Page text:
Answer "Apply" to the dialog box when you drag a Layer Mask thumbnail into the trash and the areas you've erased are gone from the picture for good.

  8. Now, drag the QT shadow layer into the trash icon, because we will soon be deleting the object of the shadow, the duck swimming in the watch. Adobe gives you no warning that you deleted a layer – and never will. As we agreed (or at least as I agreed), the duck in the watch has gotta go. But before you drag its title into the Layers palette's trash icon, why not move it to the left so the tap on the keg doesn't spill any precious (whatever is in the keg) onto the watch face. Do this by pressing either V or Ctrl([@Cmd]) on the keyboard to toggle to the Move tool, choose the QuackTime layer, and scoot the little soon-to-be-doomed fellow over around 2 screen inches. See the illustration below.

    Tip: When you have the Move tool chosen, and tap on the keyboard arrow keys to move the contents of the current editing layer, you do so by one pixel per stroke. If you want to "super nudge", hold shift while you hit the arrow keys.


    Delete layers by dragging their titles into the trash icon, and when the Move tool is chosen, you can either drag the contents of a layer or use the keyboard arrow keys to move a layer's contents.

  9. Now that the duck is gone, we can openly make rude remarks about him. We also need to create a shadow for the keg. The duck was hiding this area. Creating a shadow for the keg is easy. First, click on the Annoying Gnome layer title, and then click on the Create a new layer icon on the layers palette. Now, the target layer for the shadow is beneath the Keg layer, as shown in the next illustration.


    To enhance the reality of the scene (?), a shadow needs to go on its own layer directly above the Annoying Gnome layer.

  10. Rustle up the Elliptical Marquee tool on the toolbox, and drag an ellipse to the left and touching the keg, as you can see in the next illustration. Black should be the current foreground color. If it's not, make it so – you've already run through the Color Picker routine. Now press Alt(Opt)+Delete (Backspace) to fill the marquee selection with black.

    Tip: If your ellipse doesn't look situated as it's shown in the illustration, drag (from the inside of the selection) with the Elliptical marquee tool before filling it, and you will have moved only the selection – it's kinda like a ghost – and not the contents of the selection marquee. Only the Move tool can mess up a design by dragging within a marquee selection.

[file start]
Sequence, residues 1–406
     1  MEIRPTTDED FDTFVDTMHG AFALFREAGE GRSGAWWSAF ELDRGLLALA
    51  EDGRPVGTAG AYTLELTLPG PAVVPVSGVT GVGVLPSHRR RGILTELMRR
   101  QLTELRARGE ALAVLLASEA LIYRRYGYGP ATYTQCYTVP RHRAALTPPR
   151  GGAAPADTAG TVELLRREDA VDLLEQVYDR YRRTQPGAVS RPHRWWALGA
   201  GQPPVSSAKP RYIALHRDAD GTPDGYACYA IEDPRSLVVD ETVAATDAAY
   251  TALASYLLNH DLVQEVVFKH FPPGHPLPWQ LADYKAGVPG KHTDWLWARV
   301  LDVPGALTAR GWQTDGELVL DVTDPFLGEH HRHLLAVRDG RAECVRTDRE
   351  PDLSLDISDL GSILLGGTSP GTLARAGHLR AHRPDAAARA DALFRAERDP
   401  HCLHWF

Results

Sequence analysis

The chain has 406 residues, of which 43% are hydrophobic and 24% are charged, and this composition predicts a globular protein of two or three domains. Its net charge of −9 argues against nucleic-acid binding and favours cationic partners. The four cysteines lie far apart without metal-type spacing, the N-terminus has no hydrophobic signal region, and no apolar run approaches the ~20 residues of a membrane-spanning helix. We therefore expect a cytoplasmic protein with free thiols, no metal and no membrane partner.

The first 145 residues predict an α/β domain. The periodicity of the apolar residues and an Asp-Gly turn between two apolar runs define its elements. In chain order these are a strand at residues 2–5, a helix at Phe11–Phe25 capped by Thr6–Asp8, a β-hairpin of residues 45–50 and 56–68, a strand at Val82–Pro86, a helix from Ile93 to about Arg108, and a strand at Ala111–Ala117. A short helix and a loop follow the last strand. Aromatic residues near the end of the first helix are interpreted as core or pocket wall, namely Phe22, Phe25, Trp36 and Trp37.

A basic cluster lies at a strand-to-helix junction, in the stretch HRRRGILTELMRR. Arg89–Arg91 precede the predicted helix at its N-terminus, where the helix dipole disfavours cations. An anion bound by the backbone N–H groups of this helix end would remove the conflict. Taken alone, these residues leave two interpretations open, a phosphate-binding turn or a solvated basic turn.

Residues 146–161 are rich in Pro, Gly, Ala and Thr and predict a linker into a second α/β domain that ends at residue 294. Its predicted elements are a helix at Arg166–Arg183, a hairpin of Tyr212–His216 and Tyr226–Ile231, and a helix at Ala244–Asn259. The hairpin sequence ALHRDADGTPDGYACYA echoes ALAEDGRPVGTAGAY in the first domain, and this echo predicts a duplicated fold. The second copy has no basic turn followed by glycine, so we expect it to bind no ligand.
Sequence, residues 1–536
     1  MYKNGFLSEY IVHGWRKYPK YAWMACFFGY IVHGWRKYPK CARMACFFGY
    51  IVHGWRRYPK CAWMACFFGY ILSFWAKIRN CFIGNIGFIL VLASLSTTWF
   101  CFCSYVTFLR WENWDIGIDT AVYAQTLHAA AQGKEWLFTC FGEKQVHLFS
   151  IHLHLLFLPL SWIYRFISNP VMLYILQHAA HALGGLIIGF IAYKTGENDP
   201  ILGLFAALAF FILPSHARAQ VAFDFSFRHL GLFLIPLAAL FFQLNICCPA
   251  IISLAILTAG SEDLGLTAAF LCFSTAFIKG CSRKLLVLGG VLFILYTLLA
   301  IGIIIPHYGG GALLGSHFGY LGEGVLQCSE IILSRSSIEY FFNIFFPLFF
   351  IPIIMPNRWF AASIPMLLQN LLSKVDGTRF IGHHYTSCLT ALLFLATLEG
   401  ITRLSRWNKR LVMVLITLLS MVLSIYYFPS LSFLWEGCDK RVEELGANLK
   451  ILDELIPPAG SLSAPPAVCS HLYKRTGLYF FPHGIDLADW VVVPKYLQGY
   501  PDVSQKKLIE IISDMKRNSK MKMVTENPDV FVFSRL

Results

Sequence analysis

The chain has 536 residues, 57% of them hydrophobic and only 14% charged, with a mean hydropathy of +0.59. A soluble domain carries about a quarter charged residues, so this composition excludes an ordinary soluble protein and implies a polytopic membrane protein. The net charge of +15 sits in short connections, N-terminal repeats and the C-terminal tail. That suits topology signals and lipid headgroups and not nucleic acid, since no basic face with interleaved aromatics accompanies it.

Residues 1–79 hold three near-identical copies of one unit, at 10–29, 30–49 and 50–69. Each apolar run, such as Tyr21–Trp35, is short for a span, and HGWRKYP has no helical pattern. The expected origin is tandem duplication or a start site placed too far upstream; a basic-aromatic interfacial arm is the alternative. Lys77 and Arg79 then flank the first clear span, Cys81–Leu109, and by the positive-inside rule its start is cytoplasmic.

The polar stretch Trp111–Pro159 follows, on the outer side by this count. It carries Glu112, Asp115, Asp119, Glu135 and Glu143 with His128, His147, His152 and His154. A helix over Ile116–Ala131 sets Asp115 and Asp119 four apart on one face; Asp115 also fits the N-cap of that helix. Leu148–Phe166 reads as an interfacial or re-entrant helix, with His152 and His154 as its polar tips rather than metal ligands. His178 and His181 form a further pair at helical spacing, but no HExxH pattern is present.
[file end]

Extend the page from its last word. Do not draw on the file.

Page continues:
Fill the marquee selection with foreground color.

  11. The shadow is too opaque and dense when compared to the other shadows in the image. Deselect the marquee selection (pressing Ctrl([@Cmd])+D is the pro's way of doing this), then crank the Fill control down to about 50%, as shown below, and you've got a perfect keg shadow. Now's a good time to name the new layer. Something modest, but tasteful, like "Keg Shadow".


    Reduce the Fill amount on the Keg Shadow layer, and the shadow takes on more reality.

    What's the diff' between Fill and Opacity? Opacity applies to both a layer's contents and any effects associated with that layer, such as embossing or a drop shadow. Fill, on the other hand, only affects the opacity of an object, and leaves changes outside of the design on a layer alone. Yes, there was no effect attached to the Keg Shadow in previous steps, but it's a good time to get into the wise practice of leaning a little more on the Fill feature and a little less on Opacity.

    That's all the pixels there are for this month. Hey, it's September, and when you or your kid goes back to school, remember: take along all the answers. Next month, we're going to bring in the new duck, work with positioning and composition, and have more fun.

    My Best,
    Gary David Bouton

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    Gary David Bouton is an author and artist who is largely responsible for the book "Inside Adobe Photoshop 7" and wouldn't mind at all if you bought a copy . Gary hosts a thread on the Photoshop Gurus site and is the moderator of a 3D modeling forum. His guide to Caligari's free trueSpace 3D app is available online. Besides being an educator/artist/all-around-nice-guy, Gary is still wondering why it is in America that you can get a pizza to show up faster than an ambulance."